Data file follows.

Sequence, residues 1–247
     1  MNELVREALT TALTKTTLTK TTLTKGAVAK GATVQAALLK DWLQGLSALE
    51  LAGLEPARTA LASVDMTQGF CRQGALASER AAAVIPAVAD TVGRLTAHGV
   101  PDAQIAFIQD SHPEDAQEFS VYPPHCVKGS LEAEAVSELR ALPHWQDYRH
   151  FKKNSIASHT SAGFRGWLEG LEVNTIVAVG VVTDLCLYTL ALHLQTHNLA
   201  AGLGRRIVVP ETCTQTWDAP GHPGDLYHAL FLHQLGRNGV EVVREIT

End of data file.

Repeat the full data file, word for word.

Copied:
Sequence, residues 1–247
     1  MNELVREALT TALTKTTLTK TTLTKGAVAK GATVQAALLK DWLQGLSALE
    51  LAGLEPARTA LASVDMTQGF CRQGALASER AAAVIPAVAD TVGRLTAHGV
   101  PDAQIAFIQD SHPEDAQEFS VYPPHCVKGS LEAEAVSELR ALPHWQDYRH
   151  FKKNSIASHT SAGFRGWLEG LEVNTIVAVG VVTDLCLYTL ALHLQTHNLA
   201  AGLGRRIVVP ETCTQTWDAP GHPGDLYHAL FLHQLGRNGV EVVREIT